If you want to know who really controls Crescent Point Energy Corp. (TSE:CPG), then you’ll have to look at the makeup of its share registry. Institutions will often hold stock in bigger companies, and we expect to see insiders owning a noticeable percentage of the smaller ones. Companies that used to be publicly owned tend to have lower insider ownership.
Crescent Point Energy isn’t enormous, but it’s not particularly small either. It has a market capitalization of CA$2.2b, which means it would generally expect to see some institutions on the share registry. Taking a look at our data on the ownership groups (below), it’s seems that institutions are noticeable on the share registry. We can zoom in on the different ownership groups, to learn more about CPG.
What Does The Institutional Ownership Tell Us About Crescent Point Energy?
Institutional investors commonly compare their own returns to the returns of a commonly followed index. So they generally do consider buying larger companies that are included in the relevant benchmark index.
We can see that Crescent Point Energy does have institutional investors; and they hold 42% of the stock. This suggests some credibility amongst professional investors. But we can’t rely on that fact alone, since institutions make bad investments sometimes, just like everyone does. When multiple institutions own a stock, there’s always a risk that they are in a ‘crowded trade’. When such a trade goes wrong, multiple parties may compete to sell stock fast. This risk is higher in a company without a history of growth. You can see Crescent Point Energy’s historic earnings and revenue, below, but keep in mind there’s always more to the story.
Hedge funds don’t have many shares in Crescent Point Energy. There are a reasonable number of analysts covering the stock, so it might be useful to find out their aggregate view on the future.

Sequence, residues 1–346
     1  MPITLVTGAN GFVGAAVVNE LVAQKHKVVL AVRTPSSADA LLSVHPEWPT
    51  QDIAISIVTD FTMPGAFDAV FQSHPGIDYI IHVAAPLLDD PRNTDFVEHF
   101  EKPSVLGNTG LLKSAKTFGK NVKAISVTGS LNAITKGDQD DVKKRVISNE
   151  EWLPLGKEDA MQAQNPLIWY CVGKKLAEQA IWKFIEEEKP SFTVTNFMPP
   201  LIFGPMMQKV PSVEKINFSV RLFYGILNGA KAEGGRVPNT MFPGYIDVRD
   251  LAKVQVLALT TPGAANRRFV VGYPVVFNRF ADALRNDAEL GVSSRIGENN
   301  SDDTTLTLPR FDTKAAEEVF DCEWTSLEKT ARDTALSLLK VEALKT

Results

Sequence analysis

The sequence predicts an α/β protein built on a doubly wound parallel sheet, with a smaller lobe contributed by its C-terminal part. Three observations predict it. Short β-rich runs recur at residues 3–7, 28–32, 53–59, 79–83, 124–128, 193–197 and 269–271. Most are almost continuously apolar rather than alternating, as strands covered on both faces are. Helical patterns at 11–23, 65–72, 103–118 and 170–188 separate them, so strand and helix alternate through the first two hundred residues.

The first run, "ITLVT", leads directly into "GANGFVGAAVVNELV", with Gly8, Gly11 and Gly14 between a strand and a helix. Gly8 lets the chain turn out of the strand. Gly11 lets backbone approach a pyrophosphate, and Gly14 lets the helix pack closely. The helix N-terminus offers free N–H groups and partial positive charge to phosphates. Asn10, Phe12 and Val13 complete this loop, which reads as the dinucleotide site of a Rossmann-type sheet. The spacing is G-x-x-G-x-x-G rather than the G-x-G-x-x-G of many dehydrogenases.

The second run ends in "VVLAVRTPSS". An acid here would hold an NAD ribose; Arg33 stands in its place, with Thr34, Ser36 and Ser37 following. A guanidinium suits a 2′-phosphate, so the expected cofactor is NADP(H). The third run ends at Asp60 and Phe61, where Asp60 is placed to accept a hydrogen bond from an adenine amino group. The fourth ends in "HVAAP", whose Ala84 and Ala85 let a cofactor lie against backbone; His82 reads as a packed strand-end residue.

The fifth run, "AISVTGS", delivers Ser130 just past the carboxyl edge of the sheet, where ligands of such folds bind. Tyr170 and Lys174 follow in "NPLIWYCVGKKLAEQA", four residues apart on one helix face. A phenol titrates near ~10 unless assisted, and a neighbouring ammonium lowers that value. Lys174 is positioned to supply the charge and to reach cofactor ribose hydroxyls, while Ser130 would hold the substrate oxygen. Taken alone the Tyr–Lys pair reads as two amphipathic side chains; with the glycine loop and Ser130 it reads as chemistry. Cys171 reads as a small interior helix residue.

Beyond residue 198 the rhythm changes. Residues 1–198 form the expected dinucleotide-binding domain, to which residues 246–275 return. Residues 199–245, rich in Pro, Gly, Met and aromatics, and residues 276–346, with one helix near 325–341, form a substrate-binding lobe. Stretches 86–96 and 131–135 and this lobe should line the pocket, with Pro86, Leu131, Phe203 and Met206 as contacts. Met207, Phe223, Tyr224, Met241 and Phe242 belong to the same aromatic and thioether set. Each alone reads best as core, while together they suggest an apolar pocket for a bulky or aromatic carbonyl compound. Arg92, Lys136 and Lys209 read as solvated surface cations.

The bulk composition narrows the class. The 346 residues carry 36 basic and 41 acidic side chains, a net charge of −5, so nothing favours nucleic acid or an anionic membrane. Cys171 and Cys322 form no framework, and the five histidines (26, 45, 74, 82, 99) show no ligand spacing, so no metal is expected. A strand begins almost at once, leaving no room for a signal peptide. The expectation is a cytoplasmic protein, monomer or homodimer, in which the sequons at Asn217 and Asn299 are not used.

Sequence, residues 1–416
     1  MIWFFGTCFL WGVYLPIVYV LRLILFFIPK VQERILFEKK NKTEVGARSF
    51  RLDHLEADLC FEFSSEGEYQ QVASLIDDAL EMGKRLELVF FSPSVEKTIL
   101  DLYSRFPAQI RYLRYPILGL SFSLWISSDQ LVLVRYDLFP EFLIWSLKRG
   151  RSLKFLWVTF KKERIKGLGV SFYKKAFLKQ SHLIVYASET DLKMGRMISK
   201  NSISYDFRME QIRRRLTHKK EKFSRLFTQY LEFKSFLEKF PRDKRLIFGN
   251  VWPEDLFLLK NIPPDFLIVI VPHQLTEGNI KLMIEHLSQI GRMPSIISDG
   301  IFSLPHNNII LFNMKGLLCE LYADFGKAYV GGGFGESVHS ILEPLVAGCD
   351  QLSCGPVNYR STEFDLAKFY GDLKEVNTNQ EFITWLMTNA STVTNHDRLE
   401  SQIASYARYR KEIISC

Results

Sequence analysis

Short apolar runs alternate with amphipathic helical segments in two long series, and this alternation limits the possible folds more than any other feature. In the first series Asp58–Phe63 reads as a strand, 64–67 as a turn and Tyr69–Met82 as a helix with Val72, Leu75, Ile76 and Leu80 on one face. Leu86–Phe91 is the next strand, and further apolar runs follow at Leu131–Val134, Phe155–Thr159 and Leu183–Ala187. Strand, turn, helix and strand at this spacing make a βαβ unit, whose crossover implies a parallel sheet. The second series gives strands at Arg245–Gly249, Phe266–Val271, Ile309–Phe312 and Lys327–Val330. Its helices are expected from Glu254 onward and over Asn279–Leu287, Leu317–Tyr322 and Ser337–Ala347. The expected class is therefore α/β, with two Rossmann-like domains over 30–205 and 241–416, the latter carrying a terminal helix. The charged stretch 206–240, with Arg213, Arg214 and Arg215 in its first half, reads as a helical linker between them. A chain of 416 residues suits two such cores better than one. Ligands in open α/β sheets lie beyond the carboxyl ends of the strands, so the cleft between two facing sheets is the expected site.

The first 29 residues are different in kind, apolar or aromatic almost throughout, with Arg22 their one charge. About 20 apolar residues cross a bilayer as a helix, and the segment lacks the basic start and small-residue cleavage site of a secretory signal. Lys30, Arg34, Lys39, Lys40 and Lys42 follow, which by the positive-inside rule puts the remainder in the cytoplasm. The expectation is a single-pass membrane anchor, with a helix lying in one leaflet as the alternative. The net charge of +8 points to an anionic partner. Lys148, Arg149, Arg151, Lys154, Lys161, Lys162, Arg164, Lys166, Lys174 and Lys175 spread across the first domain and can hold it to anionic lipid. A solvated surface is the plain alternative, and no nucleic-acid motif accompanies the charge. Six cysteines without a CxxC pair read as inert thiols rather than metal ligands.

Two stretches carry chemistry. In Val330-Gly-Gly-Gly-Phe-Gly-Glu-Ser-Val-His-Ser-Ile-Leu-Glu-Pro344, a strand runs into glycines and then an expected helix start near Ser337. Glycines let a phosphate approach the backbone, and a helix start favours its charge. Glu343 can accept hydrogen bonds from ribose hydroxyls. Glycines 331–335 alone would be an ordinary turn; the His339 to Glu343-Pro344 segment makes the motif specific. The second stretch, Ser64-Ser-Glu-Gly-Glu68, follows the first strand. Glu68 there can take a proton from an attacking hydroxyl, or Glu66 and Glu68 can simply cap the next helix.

Insider Ownership Of Crescent Point Energy
The definition of an insider can differ slightly between different countries, but members of the board of directors always count. Management ultimately answers to the board. However, it is not uncommon for managers to be executive board members, especially if they are a founder or the CEO.
Insider ownership is positive when it signals leadership are thinking like the true owners of the company. However, high insider ownership can also give immense power to a small group within the company. This can be negative in some circumstances.
Our data suggests that insiders own under 1% of Crescent Point Energy Corp. in their own names. It is a pretty big company, so it would be possible for board members to own a meaningful interest in the company, without owning much of a proportional interest. In this case, they own around CA$6.8m worth of shares (at current prices). Arguably, recent buying and selling is just as important to consider. You can click here to see if insiders have been buying or selling.
General Public Ownership
The general public, who are mostly retail investors, collectively hold 58% of Crescent Point Energy shares. This level of ownership gives retail investors the power to sway key policy decisions such as board composition, executive compensation, and the dividend payout ratio.
While it is well worth considering the different groups that own a company, there are other factors that are even more important.
I like to dive deeper into how a company has performed in the past. You can access this interactive graph of past earnings, revenue and cash flow, for free .
Ultimately the future is most important. You can access this free report on analyst forecasts for the company.
NB: Figures in this article are calculated using data from the last twelve months, which refer to the 12-month period ending on the last date of the month the financial statement is dated. This may not be consistent with full year annual report figures.
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